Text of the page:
I fully recognize that you may not be having this issue. You might be flying by easily, crushing lifts day-in-and-day-out.
But, my DM’s tell me that I’m not the only one to struggle with working out as a former athlete.
Many friends, acquaintances, and strangers have messaged me to tell me that something in these articles is striking a chord with them.
If you’ve reached out to me, I want to express my gratitude for you. Thank you for taking the time to connect with me. Please know that you’re always welcome to reach out with comments, questions, or even suggestions.
Today, I want to offer two practical tips that you can use to drive home your new identity. I discussed the need to take on a new identity in my recent article, The Difficulty of Working Out as a Former Athlete.
Set an Upper Time Limit
As a baseball player, training was the most important part of my day. 4 hour training days were common on top of team practice and research. I was used to spending hours in the gym with no second thought. It takes what it takes.
Going from 81–95 MPH took what it took.
But now, my desires are much different. I no longer want to spend hours in the gym. I want to get a good workout in and then be out of there.
One way I’ve found to encourage this is to set an upper time limit for my training sessions.
Most people will try to do something for a minimum amount of time.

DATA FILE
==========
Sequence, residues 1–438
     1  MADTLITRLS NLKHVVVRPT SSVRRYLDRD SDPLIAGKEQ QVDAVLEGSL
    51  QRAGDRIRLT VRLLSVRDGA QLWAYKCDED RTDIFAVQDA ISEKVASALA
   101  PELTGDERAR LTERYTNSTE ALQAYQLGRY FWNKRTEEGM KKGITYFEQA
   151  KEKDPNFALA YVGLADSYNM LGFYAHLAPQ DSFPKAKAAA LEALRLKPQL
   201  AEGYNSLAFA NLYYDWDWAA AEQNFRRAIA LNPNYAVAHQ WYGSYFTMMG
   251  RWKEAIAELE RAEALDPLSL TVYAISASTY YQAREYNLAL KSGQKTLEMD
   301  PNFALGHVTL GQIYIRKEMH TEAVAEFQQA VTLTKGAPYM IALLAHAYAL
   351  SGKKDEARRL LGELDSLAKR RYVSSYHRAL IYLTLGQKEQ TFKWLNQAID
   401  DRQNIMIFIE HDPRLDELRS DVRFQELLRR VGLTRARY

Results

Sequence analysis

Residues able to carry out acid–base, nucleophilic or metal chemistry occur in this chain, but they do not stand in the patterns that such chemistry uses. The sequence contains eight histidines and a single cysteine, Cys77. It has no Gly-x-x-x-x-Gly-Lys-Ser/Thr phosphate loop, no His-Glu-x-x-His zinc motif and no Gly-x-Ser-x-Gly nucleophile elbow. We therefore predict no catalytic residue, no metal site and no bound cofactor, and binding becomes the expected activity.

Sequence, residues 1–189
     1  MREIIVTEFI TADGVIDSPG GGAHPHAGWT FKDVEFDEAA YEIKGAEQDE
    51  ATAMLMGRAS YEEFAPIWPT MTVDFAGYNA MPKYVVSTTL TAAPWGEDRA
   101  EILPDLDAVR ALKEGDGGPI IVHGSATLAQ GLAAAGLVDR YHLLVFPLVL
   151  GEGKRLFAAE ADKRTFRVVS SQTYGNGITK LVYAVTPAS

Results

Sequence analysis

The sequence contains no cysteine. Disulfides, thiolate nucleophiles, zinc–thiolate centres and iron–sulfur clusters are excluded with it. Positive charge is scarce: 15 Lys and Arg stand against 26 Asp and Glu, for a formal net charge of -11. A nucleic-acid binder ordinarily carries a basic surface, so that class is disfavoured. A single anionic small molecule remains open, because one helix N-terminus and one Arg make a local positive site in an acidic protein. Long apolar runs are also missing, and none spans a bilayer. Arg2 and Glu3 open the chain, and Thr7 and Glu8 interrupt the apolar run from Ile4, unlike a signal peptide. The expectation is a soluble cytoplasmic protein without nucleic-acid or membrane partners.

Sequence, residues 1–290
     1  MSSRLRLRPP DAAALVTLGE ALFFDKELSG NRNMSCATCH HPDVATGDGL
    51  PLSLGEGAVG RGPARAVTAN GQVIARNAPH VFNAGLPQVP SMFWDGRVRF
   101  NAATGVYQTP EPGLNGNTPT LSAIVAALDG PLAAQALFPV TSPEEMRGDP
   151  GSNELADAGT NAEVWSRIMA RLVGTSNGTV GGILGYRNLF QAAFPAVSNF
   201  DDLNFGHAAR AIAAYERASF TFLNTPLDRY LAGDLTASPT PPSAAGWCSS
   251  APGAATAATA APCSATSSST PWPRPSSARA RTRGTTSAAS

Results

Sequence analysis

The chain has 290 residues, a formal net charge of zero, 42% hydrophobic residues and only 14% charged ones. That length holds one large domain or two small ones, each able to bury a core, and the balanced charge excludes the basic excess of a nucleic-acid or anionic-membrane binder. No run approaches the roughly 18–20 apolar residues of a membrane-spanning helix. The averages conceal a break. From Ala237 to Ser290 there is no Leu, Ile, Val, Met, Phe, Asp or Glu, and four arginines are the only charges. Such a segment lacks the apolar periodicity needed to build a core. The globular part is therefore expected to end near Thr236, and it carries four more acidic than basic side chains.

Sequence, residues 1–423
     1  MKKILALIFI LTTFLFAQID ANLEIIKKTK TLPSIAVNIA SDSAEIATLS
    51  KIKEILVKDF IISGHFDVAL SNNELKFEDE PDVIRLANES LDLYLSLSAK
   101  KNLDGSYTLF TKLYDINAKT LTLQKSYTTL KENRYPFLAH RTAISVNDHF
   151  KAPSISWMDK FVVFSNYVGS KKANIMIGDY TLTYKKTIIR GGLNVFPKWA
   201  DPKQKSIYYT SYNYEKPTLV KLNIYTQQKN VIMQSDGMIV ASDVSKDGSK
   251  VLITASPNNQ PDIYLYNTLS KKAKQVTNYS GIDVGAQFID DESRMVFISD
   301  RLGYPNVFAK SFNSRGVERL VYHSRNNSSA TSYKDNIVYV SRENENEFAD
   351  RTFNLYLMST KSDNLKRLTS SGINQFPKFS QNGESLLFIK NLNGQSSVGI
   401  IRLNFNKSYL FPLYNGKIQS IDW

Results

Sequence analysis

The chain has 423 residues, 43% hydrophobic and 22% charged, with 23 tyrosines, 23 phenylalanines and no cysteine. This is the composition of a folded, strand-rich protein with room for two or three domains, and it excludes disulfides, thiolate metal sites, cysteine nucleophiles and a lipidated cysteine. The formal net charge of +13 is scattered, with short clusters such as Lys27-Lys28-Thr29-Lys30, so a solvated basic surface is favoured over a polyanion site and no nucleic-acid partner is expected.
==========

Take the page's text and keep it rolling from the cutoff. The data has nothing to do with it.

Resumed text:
- I’m going to run for at least 30 minutes
- I want to train 3x each week
What if, instead of trying to work for a specific timeframe, you put a constraint on your time in the gym?
How might your workout sessions be different? How might your motivation increase?
For me, if I set a 30-minute time limit on my workout, I know that I can do it. I know that I’m only going to be in there for 30 minutes and then leave. I might not be able to finish all the exercises in my program for that day and you know what? That’s okay.
Your identity is no longer the athlete you used to be.
I received a message from a friend yesterday who is having quite the opposite experience. He said he loves working out now because he can finally do what he wants to do. I think that is great. I’m striving to get there myself!
But, I am not yet there and you might not be either. That’s why we can try different strategies like this time constraint to increase motivation and engagement in the weight room.
This can be a big motivating factor for you as you think about your workout throughout the day. Instead of dreading the hour or more you’re going to spend in the gym, you might be energized by the fact that you’re only going to spend 30 minutes in the gym that day. Surely, you can use 30 minutes of your day in the gym. It’s a much more welcoming thought and has the potential to drastically increase motivation and engagement while you’re there.
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